delights are prodigiously augmented by the contrasts. A pretty air in an opera is prettier there than it could be anywhere else, I suppose, just as an honest man in politics shines more than he would elsewhere.
I have since found out that there is nothing the Germans like so much as an opera. They like it, not in a mild and moderate way, but with their whole hearts. This is a legitimate result of habit and education. Our nation will like the opera, too, by and by, no doubt. One in fifty of those who attend our operas likes it already, perhaps, but I think a good many of the other forty-nine go in order to learn to like it, and the rest in order to be able to talk knowingly about it.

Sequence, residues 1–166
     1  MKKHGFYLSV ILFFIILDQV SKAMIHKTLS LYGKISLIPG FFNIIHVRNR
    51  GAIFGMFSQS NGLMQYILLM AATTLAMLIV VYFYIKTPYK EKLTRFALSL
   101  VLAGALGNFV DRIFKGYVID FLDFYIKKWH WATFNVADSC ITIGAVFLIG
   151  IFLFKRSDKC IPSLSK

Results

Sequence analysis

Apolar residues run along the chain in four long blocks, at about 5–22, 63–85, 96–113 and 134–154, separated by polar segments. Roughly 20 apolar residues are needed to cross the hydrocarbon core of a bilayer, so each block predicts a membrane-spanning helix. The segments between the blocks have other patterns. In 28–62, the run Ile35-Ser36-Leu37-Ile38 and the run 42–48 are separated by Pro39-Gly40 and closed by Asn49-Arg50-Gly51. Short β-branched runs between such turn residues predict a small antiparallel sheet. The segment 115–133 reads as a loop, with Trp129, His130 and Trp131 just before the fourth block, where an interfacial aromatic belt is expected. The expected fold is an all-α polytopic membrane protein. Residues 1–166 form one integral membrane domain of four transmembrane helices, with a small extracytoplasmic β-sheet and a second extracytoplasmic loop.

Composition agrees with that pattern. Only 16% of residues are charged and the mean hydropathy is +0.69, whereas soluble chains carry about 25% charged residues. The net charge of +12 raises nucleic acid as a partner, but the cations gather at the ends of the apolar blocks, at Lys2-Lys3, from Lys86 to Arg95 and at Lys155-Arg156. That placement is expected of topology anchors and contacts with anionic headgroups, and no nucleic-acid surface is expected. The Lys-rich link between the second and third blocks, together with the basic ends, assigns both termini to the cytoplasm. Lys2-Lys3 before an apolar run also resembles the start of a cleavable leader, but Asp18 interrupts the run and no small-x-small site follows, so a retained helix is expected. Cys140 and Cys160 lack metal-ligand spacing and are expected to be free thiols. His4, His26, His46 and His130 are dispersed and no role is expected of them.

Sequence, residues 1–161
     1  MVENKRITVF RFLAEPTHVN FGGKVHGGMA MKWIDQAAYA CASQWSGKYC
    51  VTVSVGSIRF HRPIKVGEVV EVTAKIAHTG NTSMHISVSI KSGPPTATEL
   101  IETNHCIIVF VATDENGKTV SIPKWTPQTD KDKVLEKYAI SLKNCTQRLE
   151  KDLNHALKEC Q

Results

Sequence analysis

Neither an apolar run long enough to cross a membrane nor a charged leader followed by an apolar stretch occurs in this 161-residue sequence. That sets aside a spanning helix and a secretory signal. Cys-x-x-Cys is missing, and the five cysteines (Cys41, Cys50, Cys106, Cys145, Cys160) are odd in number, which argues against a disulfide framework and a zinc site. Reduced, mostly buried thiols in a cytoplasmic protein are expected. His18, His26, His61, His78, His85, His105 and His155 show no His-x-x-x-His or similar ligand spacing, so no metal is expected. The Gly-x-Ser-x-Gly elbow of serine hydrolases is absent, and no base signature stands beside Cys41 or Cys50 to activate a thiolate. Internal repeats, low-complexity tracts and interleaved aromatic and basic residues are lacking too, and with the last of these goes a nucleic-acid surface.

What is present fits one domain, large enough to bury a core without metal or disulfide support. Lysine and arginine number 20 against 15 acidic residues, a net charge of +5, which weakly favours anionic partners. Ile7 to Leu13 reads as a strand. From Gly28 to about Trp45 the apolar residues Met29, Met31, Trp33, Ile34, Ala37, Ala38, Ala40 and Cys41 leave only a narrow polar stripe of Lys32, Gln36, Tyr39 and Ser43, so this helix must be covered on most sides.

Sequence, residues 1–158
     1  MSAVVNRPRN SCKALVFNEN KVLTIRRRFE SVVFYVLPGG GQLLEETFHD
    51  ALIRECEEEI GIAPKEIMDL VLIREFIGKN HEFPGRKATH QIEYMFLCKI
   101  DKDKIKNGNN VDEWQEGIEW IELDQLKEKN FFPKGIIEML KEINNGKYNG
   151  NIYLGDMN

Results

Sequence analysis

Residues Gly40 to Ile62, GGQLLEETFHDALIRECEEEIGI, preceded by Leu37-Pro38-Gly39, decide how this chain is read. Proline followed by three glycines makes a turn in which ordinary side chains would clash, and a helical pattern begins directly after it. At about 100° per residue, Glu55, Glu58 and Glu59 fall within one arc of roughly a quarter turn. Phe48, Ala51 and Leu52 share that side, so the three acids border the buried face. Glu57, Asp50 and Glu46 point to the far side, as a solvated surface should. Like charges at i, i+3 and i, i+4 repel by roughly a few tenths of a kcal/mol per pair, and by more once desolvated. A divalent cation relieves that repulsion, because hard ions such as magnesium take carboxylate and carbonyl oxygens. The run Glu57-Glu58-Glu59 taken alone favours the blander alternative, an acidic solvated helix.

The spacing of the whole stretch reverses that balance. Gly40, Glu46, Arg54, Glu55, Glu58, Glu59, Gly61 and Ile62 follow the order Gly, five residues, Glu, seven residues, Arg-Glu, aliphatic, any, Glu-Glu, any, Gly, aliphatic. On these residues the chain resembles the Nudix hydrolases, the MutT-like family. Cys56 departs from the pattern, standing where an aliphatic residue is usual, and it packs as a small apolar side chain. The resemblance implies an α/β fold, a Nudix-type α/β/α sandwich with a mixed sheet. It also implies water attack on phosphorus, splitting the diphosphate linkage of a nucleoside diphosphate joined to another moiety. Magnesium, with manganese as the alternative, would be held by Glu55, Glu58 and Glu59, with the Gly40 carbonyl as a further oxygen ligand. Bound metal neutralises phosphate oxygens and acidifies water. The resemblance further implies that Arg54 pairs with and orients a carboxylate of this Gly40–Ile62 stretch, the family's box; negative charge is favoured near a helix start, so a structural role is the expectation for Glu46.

|ONE OF THE REST.|
The latter usually hum the airs while they are being sung, so that their neighbors may perceive that they have been to operas before. The funerals of these do not occur often enough.
A gentle, old-maidish, person and a sweet young girl of seventeen sat right in front of us that night at the Mannheim opera. These people talked, between the acts, and I understood them, though I understood nothing that was uttered on the distant stage. At first they were guarded in their talk, but after they had heard my agent and me conversing in English they dropped their reserve and I picked up many of their little confidences; no, I mean many of her little confidences,—meaning the elder party,—for the young girl only listened, and gave assenting nods, but never said a word. How pretty she was, and how sweet she was! I wished she would speak. But evidently she was absorbed in her own thoughts, her own young-girl dreams, and found a dearer pleasure in silence. But she was not